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Addiction and ChoiceRethinking the relationship$
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Nick Heather and Gabriel Segal

Print publication date: 2016

Print ISBN-13: 9780198727224

Published to Oxford Scholarship Online: November 2016

DOI: 10.1093/acprof:oso/9780198727224.001.0001

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PRINTED FROM OXFORD SCHOLARSHIP ONLINE (oxford.universitypressscholarship.com). (c) Copyright Oxford University Press, 2021. All Rights Reserved. An individual user may print out a PDF of a single chapter of a monograph in OSO for personal use. date: 18 October 2021

Self-regulation, controlled processes, and the treatment of addiction

Self-regulation, controlled processes, and the treatment of addiction

(p.286) Chapter 16 Self-regulation, controlled processes, and the treatment of addiction
Addiction and Choice

Andrew J. Vonasch

Heather M. Maranges

Roy F. Baumeister

Oxford University Press

A common view is that a core feature of addiction is loss of conscious control. We present an alternative view in which we emphasize the role of conscious control and self-regulation in both sustaining and ending an addiction. In our model, addictive behaviors occur because addicts self-regulate successfully to fulfill problematic desires. Therefore, the most crucial step in treatment is that the addict consciously decides to stop fulfilling those desires. The addict must then self-regulate to quit. We describe the self-regulatory steps an addict must take to quit using drugs (set clear standards, maintain motivation to quit, maintain self-efficacy to quit, train willpower, and avoid depleting willpower through avoiding too many concurrent uses) and to avoid relapse (make lifestyle changes to minimize temptation, and avoid losing motivation after a lapse).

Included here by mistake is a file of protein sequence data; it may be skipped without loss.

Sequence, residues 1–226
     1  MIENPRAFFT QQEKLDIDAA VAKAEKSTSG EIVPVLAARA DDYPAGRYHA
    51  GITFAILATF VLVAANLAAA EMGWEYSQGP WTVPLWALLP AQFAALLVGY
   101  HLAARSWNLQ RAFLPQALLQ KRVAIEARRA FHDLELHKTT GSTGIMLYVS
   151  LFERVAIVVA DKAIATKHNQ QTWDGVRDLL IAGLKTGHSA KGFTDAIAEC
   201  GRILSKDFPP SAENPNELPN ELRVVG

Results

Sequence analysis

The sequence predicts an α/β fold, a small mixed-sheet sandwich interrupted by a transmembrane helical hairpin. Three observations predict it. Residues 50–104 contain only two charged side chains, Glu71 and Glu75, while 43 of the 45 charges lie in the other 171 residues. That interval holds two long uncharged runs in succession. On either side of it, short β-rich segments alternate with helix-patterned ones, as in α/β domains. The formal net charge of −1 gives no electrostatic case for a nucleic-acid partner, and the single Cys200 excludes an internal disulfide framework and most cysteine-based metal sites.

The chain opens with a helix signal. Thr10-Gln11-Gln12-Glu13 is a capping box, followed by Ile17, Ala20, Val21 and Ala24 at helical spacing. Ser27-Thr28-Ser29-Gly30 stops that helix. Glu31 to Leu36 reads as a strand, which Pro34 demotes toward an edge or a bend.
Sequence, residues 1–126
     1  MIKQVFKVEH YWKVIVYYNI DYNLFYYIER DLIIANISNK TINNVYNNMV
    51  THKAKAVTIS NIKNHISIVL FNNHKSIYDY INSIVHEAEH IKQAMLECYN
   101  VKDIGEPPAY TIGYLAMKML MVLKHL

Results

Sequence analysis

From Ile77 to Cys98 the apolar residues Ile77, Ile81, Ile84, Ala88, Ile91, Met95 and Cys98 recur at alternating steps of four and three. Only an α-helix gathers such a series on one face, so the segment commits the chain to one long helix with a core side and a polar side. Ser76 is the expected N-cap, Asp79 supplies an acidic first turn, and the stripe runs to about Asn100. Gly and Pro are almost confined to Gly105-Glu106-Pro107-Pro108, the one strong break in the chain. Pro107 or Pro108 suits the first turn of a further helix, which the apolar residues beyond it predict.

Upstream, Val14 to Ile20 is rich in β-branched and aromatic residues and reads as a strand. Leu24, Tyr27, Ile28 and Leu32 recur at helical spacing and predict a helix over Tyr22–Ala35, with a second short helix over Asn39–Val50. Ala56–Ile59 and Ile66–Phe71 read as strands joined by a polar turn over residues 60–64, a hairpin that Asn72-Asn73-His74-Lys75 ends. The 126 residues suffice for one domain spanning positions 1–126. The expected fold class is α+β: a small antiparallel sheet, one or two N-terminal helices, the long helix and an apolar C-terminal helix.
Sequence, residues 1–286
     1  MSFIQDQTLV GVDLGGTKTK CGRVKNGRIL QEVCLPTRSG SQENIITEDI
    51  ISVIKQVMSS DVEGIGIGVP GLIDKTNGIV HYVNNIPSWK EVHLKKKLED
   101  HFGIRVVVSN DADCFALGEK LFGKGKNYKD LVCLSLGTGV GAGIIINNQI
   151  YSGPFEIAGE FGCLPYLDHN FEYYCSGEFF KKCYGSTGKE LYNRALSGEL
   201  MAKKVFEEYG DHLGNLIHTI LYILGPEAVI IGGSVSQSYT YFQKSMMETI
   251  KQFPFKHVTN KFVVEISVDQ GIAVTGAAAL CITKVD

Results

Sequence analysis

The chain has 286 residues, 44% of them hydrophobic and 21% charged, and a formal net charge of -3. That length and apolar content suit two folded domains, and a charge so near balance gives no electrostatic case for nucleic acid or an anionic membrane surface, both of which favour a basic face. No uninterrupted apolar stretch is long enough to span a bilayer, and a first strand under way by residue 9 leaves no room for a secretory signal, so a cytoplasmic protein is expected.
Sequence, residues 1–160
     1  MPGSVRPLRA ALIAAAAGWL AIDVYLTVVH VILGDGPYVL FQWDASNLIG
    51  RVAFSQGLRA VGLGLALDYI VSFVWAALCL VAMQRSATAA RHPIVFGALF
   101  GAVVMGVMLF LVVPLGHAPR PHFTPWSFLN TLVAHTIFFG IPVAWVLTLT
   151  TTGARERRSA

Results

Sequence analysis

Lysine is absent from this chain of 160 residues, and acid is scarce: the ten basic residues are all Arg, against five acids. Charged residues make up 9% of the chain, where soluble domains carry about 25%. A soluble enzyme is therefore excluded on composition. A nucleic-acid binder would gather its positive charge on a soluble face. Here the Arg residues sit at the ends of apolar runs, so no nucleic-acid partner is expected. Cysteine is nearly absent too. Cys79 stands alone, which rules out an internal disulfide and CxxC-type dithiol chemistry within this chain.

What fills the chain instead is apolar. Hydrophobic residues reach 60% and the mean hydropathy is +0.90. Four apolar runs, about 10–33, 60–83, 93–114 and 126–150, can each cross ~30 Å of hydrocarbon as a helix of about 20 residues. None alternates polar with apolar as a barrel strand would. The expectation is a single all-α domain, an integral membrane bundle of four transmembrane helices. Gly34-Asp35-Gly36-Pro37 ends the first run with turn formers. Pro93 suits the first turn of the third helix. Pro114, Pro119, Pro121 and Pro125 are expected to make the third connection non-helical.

Keywords:   addiction, addictive behaviors, self-regulation, conscious control, controlled processes

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